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Georgia Standards

IN MATH, the Georgia Performance Math Standards has created a number of Content Standards. Those related to DIATC design activities include: Numbers and Operations, Measurement, Geometry, Data Analysis & Probability, and Algebra.

Math Standards:

Numbers and Operations

  • The student will use four arithmetic operations with fractions and mixed numbers and solve problems with them (M6N1, 6th grade). The student will understand and compute positive and negative numbers, and rational numbers (M7N1, 7th grade).
    In the Parachute task, students can used fractions to figure out when they have followed the rule-of-thumb for having a vent hole of 1/10 of the canopy's total area. Any of the design tasks where a cost/benefit ratio can be calculated would be appropriate here.
  • Students will use algebraic symbols to find solutions to mathematical problems (M8N1, 8th grade).
    Students need to understand the use of algebraic symbols whene using Newton's Laws of Motion with the Vehicles In Motion task, when figuring out the mechanical advantage of Simple Machines they build. This understanding can help when students calculate the stresses on their Shopping Bags when loading them to failure.
  • Students will add, subtract, multiply, and divide monomials and polynomials (M8N3, 8th grade).
    Although special tools are needed, once acceleration of vehicles has been measured, the idealized distance traveled by the Vehicles In Motion can be calculated.
  • The student will calculate volume of solid figures through measurement and experiments. Calculate volume and surface area of right prisms, cylinders and cones (M6M1, 6th grade).
    Students can calculate the volume of air in their chutes and the surface area of their canopies in Model Parachute task. Similar calculations can be done for the surface area and volume of the Shopping Bag and the Clay Boat that each designs.
  • The student will do measurements and calculate conversions (M6M2, 6th grade).
    In the Paper Bridge task, students can convert the weight of the paper they cut away from their bridge into the area of the bridge. In the Model Parachute and
  • The student will understand line and point symmetry, scale drawings and shapes and sizes of plane figures (M6G1, 6th grade).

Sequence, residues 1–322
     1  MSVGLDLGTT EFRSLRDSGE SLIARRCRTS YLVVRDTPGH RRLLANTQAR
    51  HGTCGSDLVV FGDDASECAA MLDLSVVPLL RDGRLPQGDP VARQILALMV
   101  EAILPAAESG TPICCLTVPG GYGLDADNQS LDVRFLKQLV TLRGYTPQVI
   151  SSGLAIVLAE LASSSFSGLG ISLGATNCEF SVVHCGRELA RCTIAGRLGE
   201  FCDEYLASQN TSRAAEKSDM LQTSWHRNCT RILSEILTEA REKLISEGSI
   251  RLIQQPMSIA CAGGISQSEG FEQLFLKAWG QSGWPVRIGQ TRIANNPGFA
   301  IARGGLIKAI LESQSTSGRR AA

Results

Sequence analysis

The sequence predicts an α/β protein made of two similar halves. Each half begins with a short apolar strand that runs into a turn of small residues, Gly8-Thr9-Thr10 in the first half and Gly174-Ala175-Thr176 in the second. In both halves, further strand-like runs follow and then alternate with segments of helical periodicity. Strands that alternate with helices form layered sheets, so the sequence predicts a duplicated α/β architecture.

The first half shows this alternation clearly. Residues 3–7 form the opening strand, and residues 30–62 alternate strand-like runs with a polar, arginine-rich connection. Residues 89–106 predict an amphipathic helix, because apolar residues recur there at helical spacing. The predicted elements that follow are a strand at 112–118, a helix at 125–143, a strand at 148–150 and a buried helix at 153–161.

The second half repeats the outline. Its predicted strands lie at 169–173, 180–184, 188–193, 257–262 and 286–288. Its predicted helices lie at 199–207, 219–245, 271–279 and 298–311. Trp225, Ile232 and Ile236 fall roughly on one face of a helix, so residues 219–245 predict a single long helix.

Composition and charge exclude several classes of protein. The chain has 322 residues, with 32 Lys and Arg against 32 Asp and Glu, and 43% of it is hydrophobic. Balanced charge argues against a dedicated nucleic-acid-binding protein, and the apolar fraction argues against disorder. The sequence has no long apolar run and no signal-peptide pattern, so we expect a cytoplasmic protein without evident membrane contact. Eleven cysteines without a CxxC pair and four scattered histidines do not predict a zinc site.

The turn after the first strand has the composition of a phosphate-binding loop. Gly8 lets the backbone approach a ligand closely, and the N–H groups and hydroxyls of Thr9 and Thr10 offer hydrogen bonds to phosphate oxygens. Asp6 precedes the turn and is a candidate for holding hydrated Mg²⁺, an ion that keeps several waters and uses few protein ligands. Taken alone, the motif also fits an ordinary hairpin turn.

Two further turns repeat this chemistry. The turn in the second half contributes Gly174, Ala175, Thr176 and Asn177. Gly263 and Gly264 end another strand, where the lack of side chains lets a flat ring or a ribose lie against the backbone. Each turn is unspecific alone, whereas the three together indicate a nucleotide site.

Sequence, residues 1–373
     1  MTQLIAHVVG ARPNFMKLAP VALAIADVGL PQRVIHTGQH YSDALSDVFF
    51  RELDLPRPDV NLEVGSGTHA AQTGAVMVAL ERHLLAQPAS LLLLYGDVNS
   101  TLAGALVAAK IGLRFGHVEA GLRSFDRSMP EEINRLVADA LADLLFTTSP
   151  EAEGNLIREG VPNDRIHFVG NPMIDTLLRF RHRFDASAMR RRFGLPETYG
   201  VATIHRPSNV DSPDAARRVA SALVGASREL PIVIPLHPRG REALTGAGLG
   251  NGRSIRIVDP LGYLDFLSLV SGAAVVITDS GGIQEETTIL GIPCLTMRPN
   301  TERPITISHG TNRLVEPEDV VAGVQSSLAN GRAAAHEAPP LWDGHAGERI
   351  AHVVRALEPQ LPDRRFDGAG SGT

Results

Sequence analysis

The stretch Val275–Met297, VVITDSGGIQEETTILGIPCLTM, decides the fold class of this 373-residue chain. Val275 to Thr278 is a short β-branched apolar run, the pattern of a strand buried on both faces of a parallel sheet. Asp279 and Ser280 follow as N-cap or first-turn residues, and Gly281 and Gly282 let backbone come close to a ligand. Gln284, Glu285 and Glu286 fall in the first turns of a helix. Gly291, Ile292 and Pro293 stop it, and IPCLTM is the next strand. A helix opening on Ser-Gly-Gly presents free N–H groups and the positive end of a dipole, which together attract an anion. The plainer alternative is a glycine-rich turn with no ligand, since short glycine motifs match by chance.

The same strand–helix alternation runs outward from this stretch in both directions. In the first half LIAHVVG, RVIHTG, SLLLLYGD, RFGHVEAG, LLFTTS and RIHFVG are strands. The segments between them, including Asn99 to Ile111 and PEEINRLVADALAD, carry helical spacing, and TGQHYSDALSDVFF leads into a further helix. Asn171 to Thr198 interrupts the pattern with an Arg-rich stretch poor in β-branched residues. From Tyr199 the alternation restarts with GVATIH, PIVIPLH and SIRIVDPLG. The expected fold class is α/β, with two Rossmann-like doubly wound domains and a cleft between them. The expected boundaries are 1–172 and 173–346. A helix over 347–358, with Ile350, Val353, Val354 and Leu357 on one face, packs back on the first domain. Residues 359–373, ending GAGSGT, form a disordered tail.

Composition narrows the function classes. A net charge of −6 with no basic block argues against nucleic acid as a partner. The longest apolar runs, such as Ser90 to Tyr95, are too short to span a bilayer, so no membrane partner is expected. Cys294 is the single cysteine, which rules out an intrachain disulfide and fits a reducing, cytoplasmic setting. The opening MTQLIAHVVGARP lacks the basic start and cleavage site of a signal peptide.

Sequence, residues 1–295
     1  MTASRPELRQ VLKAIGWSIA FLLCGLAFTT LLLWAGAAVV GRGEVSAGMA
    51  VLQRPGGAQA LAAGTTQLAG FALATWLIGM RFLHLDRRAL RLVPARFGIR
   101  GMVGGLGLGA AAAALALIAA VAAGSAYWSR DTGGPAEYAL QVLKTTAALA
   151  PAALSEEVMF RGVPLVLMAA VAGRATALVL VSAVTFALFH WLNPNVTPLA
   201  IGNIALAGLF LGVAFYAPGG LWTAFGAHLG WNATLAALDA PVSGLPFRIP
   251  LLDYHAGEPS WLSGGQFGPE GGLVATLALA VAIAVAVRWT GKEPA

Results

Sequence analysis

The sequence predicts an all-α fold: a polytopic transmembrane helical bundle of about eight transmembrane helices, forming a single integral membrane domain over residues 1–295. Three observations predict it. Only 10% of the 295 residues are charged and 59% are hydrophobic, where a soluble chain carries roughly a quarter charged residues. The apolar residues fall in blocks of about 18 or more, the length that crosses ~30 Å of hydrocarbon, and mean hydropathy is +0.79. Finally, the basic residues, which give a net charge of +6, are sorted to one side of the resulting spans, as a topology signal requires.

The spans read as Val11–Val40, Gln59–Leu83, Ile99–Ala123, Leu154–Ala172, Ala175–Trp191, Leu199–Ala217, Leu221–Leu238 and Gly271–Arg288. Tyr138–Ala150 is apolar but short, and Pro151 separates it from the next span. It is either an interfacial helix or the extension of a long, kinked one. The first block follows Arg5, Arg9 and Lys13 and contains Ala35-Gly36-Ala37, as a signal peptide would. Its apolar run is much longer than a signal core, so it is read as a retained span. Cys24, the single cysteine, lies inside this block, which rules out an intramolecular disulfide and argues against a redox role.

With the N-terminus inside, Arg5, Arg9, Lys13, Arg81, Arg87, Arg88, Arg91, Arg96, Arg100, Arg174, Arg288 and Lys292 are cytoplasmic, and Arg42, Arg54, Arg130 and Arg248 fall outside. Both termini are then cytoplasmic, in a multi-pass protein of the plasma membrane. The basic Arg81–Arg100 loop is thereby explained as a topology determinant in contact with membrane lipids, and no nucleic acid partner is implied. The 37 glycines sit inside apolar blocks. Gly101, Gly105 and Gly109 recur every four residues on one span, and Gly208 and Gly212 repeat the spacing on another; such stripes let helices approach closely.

Scale is an important concept when designers move from small- to full-sized versions of an item they are making. This is directly relevant to all projects with models in them, like Paper Bridge and Model Parachute, but in particular with the Cardboard Chair and Parade Float design challenges.
  • The student will understand solid figures solid figures including prisms, pyramids, cylinders and cones (M6G2, 6th grade). They will explore the manipulation of various geometric figures (cones, cylinders, pyramids, and prisms) and compare solid and plane figures Develop their understanding of the figures in space (M7G2, 7th grade).
    Students' study of solid geometry figures can be applied to different Shopping Bag designs, and to the making of a Clay Boat, where figuring out the surface area and volume of different shapes is important in creating a boat that can stay buoyant with the largest load.
  • Students will deepen their understanding and ability to construct plane figures. Construct bisector of an angel, perpendicular bisector of a line, circles, chords, etc. Reflection, rotation, symmetry, and translation (M7G1, 7th grade).
    The Cardboard Chair and Paper Bridge design challenges are good transfer tasks to test students capabilities in these issues of plane geometry.
  • Students will confirm properties of a figure using properties of parallel and perpendicular lines, triangles and parallelograms, and right triangles (including the Pythagorean Theorem) (M8G1, 8th grade).
    The above understanding is helpful in using the "distance-traveled method" to figure out the mechanical advantage of Simple Machines. Differentiating between triangles and parallelograms is important in discussing the strength of structures in the Cardboard Chair, Model Crane and Paper Bridge tasks.